Theo Spierings, the Fonterra chief executive, came under fire last week when the dairying giant announced plans to lay off hundreds of staff in a head-office restructuring. The Labour Party's primary industry spokesman, Damien O'Connor, said he should "lead by example and voluntarily reduce his pay by half". The last thing Mr Spierings needed, therefore, was yesterday's release of the Herald's annual chief executives' pay survey. It confirmed he was the country's second-highest-earning executive, with a pay packet of $4.18 million, up $660,000 in a year.
That was the cue for further outrage. Labour's Grant Robertson termed that level of salary "absurd" and the Greens' Denise Roche suggested Fonterra's farmers would be "shaking their heads in disbelief". Some, indeed, may have been if they thought no further than their recent payouts, the consequence of a prolonged fall in global dairy prices. But far more will be withholding judgment until they see what Mr Spierings achieves at Fonterra. He may be worth every cent of his pay packet if his leadership reinvigorates the company and drives the implementation of a vision that will make it less susceptible to downturns in commodity prices.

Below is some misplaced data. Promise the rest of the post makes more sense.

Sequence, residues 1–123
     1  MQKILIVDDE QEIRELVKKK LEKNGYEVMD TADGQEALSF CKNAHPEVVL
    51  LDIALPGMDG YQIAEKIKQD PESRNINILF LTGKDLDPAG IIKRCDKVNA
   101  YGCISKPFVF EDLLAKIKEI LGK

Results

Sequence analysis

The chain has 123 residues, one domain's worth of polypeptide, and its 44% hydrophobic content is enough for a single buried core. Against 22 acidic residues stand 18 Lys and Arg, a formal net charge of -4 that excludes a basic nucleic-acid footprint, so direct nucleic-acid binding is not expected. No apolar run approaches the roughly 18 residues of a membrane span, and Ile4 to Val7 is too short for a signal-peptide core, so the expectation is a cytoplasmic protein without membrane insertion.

Mr Spierings is seeking to achieve this by making Fonterra more of a valued-added producer. There is nothing particularly new in this line of thinking. It has been talked about for many years. But accomplishing it has proved elusive for a wide range of New Zealand exporters.
The competition in the global dairy market is intense. To succeed, many aspects of Fonterra's business will have to be spot on, not least quality, innovation, logistics, marketing and branding. In that context, the plan to restructure the head office and direct more staff into sales and marketing makes sense. Fonterra stands to reap big rewards. A ready pointer, if not apples-for-apples, lies in how well Tatua, a small Waikato co-operative, has weathered the commodities slump. It does not make milk powder, butter or cheese.
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Mr Spierings should stand or fall on his ability to implement that value-added strategy. Likewise, the salaries of the other chief executives who feature prominently in the Herald survey must be judged on their performance. What angers people is the number who oversee a decline in shareholder value but still enjoy or walk away with substantial payments. That is especially the case if their salary is hugely out of kilter with what their staff earn.
It is important, therefore, that pay should be closely tied to performance. Shareholder vigilance should play a major role in this. But too often excessive and poorly framed packages have been approved thanks to the voting clout of institutional shareholders who place no great importance on executive pay. It would help if they broadened their horizon beyond the short term.
The existence of some undoubtedly extravagant salaries should not, however, detract from the importance of strong leadership. It is integral to the success of every company. And when that entity is as big and important as Fonterra, to the wellbeing of every New Zealander.